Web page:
Dear Coach Joan,
Am I the only laid off person in my late 50s still job hunting after a two year search? It is really disheartening. I had made it up to a mid manager level but was laid off during a merger. I keep reading articles about ageism, and how difficult it is to get a job when most of the hiring folks younger and are more attracted to younger candidates like themselves. In the first few months I had a number of interviews, mostly from referrals from former colleagues, but nothing worked out. Lately both my activity and mood has down and I wonder if it’s worth it to even apply anymore?
Downhearted Debbie in Sonoma County
No, you are not the only long term unemployed out there. And it is a tough GO. It is especially hard for those in the mid level management ranks to find new employment as there are fewer of those positions available. Yes, the younger people are naturally moving up the ranks and yes, they do often feel more comfortable hiring those like themselves. Automation is another trend that is flattening organizations and leading to fewer mid management positions. So is it it a tough situation? YES. But is it an impossible situation? NO, emphatically NO.
But the recommendations I am going to make are not a magic wand, and I would not set expectations that you will get a mid management job in your first hiring.
Here are the steps I suggest you consider:
- Review/Improve Your Sales Materials: That means your resume and LinkedIn profile. Make sure those tools are professional, clear and highlight your key skills and achievements. Remove jobs from 15+ years back. Have three trusted friends, colleagues or family members read your materials carefully and give you feedback. Sharpen them. Also, make sure you have at least three recommendations posted on LinkedIn, and people available for phone recommendations about you.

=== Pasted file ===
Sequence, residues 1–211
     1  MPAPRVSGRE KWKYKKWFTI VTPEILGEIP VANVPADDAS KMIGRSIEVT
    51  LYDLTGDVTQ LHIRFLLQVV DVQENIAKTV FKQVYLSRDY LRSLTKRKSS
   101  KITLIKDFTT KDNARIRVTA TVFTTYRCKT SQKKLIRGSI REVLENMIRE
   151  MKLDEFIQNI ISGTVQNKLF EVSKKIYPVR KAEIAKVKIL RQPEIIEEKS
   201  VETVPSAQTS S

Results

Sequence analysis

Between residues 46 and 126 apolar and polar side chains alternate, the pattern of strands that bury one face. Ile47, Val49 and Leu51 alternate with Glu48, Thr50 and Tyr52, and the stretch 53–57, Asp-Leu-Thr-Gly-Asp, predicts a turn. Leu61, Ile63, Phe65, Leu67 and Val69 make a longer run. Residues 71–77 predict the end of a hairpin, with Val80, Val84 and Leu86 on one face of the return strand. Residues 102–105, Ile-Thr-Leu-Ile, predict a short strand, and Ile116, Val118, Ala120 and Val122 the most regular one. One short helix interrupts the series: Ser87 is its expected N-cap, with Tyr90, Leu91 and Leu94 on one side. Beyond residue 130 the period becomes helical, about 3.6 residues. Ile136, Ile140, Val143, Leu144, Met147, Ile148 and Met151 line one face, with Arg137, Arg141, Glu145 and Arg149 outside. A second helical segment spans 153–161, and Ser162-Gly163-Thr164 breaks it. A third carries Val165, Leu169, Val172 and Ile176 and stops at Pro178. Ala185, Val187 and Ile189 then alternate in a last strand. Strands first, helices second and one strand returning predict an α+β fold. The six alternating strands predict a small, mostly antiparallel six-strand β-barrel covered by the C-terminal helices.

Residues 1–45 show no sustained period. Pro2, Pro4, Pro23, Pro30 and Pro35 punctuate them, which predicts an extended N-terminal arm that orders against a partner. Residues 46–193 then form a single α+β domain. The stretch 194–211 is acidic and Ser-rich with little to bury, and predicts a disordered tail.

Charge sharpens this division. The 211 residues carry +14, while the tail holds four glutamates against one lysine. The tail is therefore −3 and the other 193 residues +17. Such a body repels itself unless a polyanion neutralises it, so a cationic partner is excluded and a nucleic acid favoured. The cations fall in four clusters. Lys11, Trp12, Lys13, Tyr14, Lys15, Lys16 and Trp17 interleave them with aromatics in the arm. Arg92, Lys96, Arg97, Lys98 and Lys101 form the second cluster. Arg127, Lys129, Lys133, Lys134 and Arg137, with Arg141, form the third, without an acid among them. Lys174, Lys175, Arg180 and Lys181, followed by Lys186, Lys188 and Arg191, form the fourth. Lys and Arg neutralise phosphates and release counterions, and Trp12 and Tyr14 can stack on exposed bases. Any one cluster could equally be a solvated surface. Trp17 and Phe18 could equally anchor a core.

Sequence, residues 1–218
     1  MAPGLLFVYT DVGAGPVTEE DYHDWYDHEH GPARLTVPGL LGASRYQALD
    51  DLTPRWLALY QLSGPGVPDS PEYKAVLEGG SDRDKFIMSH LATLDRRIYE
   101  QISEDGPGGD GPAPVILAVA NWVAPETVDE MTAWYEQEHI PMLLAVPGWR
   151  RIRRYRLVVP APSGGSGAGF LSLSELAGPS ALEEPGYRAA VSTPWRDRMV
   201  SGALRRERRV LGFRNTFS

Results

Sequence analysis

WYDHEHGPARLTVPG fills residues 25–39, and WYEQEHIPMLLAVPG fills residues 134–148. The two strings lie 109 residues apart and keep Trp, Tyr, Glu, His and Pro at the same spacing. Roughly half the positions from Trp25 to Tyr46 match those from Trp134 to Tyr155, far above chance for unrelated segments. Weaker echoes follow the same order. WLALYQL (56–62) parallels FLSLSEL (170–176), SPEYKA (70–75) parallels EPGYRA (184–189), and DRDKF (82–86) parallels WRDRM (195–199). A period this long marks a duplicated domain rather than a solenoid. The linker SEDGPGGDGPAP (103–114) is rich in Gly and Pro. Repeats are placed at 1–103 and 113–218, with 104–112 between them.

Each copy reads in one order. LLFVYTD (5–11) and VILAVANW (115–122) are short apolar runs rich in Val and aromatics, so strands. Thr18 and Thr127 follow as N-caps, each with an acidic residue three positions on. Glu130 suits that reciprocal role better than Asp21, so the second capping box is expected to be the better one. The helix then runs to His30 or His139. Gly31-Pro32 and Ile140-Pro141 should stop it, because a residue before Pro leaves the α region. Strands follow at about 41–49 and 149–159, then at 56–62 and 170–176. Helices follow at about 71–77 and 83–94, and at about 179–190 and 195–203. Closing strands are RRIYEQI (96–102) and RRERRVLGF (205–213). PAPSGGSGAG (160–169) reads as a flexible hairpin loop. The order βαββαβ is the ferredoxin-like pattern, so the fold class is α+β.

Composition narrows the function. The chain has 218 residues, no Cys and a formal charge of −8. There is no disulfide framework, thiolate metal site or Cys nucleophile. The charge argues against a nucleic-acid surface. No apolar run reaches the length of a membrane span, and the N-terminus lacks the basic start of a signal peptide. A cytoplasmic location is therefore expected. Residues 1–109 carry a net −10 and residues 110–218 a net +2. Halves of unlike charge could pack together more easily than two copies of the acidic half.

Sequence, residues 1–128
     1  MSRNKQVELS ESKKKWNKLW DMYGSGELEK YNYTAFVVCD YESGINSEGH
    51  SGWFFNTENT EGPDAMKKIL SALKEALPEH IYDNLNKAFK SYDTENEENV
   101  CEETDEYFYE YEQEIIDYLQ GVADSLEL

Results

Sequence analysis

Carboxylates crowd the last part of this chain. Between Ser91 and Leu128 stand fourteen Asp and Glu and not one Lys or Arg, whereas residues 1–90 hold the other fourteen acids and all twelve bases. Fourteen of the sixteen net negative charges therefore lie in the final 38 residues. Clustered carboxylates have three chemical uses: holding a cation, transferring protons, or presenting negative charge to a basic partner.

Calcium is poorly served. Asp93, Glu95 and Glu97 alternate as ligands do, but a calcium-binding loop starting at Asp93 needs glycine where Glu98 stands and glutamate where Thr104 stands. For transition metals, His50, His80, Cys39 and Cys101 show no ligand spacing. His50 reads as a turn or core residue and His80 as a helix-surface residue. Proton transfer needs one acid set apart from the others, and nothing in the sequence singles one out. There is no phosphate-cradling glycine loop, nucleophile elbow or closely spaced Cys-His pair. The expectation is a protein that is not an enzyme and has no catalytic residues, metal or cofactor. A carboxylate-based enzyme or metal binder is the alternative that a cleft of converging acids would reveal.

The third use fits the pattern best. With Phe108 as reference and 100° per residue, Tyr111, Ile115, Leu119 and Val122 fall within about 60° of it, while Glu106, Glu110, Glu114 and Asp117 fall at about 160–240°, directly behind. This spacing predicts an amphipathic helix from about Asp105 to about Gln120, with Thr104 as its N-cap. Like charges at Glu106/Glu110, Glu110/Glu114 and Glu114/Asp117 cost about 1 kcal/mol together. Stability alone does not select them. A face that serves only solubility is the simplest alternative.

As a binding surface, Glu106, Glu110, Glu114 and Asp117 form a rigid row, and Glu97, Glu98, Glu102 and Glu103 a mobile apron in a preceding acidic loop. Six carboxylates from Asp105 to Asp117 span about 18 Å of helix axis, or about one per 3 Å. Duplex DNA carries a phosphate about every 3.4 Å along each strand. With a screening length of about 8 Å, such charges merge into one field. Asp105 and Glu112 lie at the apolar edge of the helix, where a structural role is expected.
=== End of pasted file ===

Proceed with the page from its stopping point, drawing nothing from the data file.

- Set a Wider Net: If you have only been applying for managerial roles, look to apply to individual contributor roles. If you have been looking in one industry, look for job listings in a similar industry. Again, apply for job that might be easier for you to get.
- Show you are a LIFELONG learner: On the one hand you cannot become a younger person, but on the other hand, you can show vitality and openness to learning and keeping up professionally by taking classes, getting additional certifications, playing an active role in professional groups. And then add these recent accomplishments to your resume and LinkedIn profile.
- Get a Temp or Contract Job: Yes, I’ve even had clients who were corporate controllers take temp jobs as accountants! They earned a fraction of their typical pay, and had lower level responsibilities but it gave them visibility in new companies, new colleagues to meet, a little money coming in and very importantly, a renewed spring in their step, being back in the working world. You never know who you’ll meet when you’re out on a job!!
- Volunteer! Yes, almost any elected official will be looking for office volunteers. So will most community humane societies, schools, hospitals, food banks; all are looking for volunteers. Sometimes it might feel good to volunteer in a different capacity than your regular job skills, but you will feel purposeful and good with yourself, you will be meeting people and it will put you in a refreshed and positive state of mind. Debbie, you also want to make sure to keep yourself as happy and healthy as possible during a stressful time. Exercise. No need for a gym membership. when you live here in Sonoma County you have parks, galore and all kinds of free or low fee hiking groups to join! Get out and walk, find a walking partner. I know that a 2-year unemployment period can be depressing but I will tell you that I’ve had clients who’ve gone even longer, yet they made it make to the world of the working. Usually they did it step by step…Please try some of my suggestions and best of luck in getting back to work. Coach Joan